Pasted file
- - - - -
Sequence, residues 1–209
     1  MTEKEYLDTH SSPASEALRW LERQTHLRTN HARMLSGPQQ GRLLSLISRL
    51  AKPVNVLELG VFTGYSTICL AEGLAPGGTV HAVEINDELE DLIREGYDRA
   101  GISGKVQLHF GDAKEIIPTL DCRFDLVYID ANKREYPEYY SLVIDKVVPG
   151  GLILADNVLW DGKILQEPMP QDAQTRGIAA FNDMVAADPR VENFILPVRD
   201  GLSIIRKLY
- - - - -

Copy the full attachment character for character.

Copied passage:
Sequence, residues 1–209
     1  MTEKEYLDTH SSPASEALRW LERQTHLRTN HARMLSGPQQ GRLLSLISRL
    51  AKPVNVLELG VFTGYSTICL AEGLAPGGTV HAVEINDELE DLIREGYDRA
   101  GISGKVQLHF GDAKEIIPTL DCRFDLVYID ANKREYPEYY SLVIDKVVPG
   151  GLILADNVLW DGKILQEPMP QDAQTRGIAA FNDMVAADPR VENFILPVRD
   201  GLSIIRKLY